Some Stress Releasing Techniques- A Critical Analysis
Dr Dalvinder Singh Grewal
Dr Dalvinder Singh Grewal
There has been a death in my family recently. The wife of the deceased was non-reactive to the news of the death. An old lady said, “Make her cry otherwise her mind will be affected.” She was given slaps and told about the death and the consequences of the death. Her two young children were kept in her lap and she was told the impact of the death on the children and their lives. The woman suddenly came to her senses and started crying profusely. Later the relatives from all over came in groups and cried in unison making the wife of the deceased cry. The old ladies told the tales of the good deeds of the man and cried thereafter ensuring that the lady cries with them. The Rudali system existed then which was an effective tool to make the affected ladies cry. The relative sat on spread durries in the veranda and spoke about the deceased with the other relatives. These were some of the means to relieve stress. Stress is an emotional, physical or mental tension that results from something that’s outside of us.
I also remembered how cruel the deceased used to be quite often, especially in the days when he was without a job during Corona days. There was not much left at home to eat, but he demanded food. Unable to get he used to beat his wife. Stressed from the lack of a job, he took out his anger at his wife. I also saw her beating his children which she never did earlier. It was a sequence; he beat his wife and his wife beat her children. To me, this was a way of relieving untold stress caused by the pandemic. This has been a practice in many poor families to beat their near ones to relieve stress. They themselves never realized this but carried on with this sequence. She was also reminded of these past events to make her cry further.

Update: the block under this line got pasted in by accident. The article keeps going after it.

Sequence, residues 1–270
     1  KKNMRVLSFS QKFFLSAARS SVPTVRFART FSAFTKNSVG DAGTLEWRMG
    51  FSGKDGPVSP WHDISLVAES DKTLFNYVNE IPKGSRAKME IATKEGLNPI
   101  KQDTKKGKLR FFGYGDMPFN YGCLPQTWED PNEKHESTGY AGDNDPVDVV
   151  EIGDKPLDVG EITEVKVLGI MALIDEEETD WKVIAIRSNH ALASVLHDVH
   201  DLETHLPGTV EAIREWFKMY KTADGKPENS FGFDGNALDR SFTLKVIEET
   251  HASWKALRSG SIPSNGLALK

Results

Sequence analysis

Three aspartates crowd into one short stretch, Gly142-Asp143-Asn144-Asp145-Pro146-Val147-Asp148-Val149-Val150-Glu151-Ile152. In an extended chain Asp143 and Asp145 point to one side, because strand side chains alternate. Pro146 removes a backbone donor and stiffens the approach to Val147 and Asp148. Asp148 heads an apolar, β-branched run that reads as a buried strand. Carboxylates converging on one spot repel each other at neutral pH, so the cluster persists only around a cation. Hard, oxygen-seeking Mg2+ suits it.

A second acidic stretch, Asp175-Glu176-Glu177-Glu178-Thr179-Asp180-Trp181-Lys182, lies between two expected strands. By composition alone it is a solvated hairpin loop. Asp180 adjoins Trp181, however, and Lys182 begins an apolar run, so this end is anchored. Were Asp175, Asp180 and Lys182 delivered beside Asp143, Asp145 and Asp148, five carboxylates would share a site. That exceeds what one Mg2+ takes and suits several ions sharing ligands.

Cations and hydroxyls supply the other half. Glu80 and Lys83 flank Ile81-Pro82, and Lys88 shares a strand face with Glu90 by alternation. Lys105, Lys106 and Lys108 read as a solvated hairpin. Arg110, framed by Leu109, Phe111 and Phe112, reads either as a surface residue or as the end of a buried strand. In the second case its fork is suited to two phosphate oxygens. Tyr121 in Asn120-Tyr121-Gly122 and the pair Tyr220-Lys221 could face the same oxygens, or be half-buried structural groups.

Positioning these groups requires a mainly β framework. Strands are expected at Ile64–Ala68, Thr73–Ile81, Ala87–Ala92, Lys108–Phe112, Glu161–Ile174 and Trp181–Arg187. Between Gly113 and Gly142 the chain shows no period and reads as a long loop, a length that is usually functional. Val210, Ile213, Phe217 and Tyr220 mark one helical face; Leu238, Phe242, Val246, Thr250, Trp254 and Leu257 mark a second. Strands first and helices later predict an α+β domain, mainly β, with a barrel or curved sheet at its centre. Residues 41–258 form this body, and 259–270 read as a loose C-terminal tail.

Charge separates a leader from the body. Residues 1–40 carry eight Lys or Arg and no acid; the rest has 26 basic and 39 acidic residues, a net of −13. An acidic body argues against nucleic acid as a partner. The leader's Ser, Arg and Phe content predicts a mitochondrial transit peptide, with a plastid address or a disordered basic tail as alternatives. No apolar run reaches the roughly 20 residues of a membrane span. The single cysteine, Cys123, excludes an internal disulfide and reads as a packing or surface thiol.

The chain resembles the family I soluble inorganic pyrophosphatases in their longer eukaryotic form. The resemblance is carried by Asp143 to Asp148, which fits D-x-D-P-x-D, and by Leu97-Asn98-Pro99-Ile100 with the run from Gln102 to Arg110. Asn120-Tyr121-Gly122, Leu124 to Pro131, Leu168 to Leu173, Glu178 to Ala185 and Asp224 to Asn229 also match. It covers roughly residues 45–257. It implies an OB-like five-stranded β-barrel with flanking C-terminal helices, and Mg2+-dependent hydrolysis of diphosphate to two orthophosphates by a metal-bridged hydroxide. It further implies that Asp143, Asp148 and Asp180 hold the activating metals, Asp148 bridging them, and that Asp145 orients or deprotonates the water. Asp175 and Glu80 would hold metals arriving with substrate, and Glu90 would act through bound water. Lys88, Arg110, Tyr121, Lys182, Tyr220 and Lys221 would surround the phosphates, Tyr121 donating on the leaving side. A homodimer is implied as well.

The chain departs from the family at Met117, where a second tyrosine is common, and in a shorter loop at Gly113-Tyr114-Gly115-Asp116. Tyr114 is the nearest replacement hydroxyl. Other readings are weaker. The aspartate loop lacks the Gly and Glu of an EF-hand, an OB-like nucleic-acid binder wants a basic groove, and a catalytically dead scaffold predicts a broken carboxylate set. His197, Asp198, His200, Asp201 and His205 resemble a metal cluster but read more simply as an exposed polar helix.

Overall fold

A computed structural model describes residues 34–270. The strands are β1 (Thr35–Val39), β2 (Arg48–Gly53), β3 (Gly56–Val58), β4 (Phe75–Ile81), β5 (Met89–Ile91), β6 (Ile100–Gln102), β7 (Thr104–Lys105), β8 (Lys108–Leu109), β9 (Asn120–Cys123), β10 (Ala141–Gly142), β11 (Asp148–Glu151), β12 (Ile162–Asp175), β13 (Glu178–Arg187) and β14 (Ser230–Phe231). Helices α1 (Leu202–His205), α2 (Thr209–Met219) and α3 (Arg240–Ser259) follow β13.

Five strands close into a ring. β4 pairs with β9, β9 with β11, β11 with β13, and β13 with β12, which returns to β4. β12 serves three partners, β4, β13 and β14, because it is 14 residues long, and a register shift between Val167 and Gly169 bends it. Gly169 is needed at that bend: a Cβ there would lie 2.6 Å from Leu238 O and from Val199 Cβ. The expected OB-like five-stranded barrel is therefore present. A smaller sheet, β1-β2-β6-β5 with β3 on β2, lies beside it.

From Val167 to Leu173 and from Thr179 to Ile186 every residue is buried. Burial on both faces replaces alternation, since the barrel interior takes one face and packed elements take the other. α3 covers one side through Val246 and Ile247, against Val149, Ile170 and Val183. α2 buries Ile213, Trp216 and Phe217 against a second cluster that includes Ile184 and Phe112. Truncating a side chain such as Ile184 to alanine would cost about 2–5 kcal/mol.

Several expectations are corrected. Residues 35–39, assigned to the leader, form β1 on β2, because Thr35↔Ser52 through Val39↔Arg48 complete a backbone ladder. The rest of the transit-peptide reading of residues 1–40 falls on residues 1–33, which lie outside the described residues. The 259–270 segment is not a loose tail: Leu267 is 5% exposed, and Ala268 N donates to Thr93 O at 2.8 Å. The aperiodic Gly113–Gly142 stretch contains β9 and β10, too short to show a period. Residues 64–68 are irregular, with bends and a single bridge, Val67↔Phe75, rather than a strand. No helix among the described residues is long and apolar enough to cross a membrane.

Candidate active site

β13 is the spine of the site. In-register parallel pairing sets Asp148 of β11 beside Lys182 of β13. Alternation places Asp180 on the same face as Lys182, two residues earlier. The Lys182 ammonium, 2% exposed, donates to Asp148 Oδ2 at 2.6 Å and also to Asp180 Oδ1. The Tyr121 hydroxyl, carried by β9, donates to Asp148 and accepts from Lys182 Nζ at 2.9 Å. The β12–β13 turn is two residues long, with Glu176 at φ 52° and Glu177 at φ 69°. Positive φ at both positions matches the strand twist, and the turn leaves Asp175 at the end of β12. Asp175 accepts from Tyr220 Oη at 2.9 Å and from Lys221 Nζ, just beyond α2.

This is how the rural folk reduce stress. Stress is an emotional, physical or mental tension that results from something that’s outside of us. Some stressful life events include moving to a new place, changing roles at school or work, relationship issues or losing a family member. Stress can cause sleep difficulties, including insomnia, by making it difficult to fall asleep and stay asleep. This impacts the quality of rest. Stress can also upset the balance between sleep and wakefulness.
Being stressed is associated with poor sleep in general, and may trigger more frequent dreams. So it is not uncommon to experience a distressing dream prior to a big event like a job interview, taking an exam, or an important appointment.
I have been with the deceased person during his treatment in the hospital for quite some time aiding and caring for him. Every time my relatives asked me to have a good sleep at night. I have been keeping silent most of the time. Being aged and experienced I did not feel that I was affected by the event. But the dreams I got were really disturbing. Once the patient died, there were various rituals that kept me busy in the performance of these. However, the series of dreams never ended. These dreams were primarily of deaths, burials, and crying relatives. It kept me worried as to why I had such dreams regularly and wanted to analyze these.
What are these dreams for, I thought? I found out that these dreams are a way for our brains to process stress and emotionally charged memories. This is one of the most well studied, commonly held theories about dreaming—that our brains employ dreams to work through emotionally difficult and stressful experiences, to reduce their psychological load and make them less disruptive to daily functioning.
Clearly, most of us are coping with unusual levels of stress right now, and our brains are using dreams to process it. As unwelcome as nightmares and disturbing dreams feel, they may be a sign of the brain doing some essential, important work to ease the intensity and emotional charge of our currently heavy daily load of stress and worry. And our nightmares can also serve the purpose of alerting us to anxieties we haven’t yet become aware of, or given name to.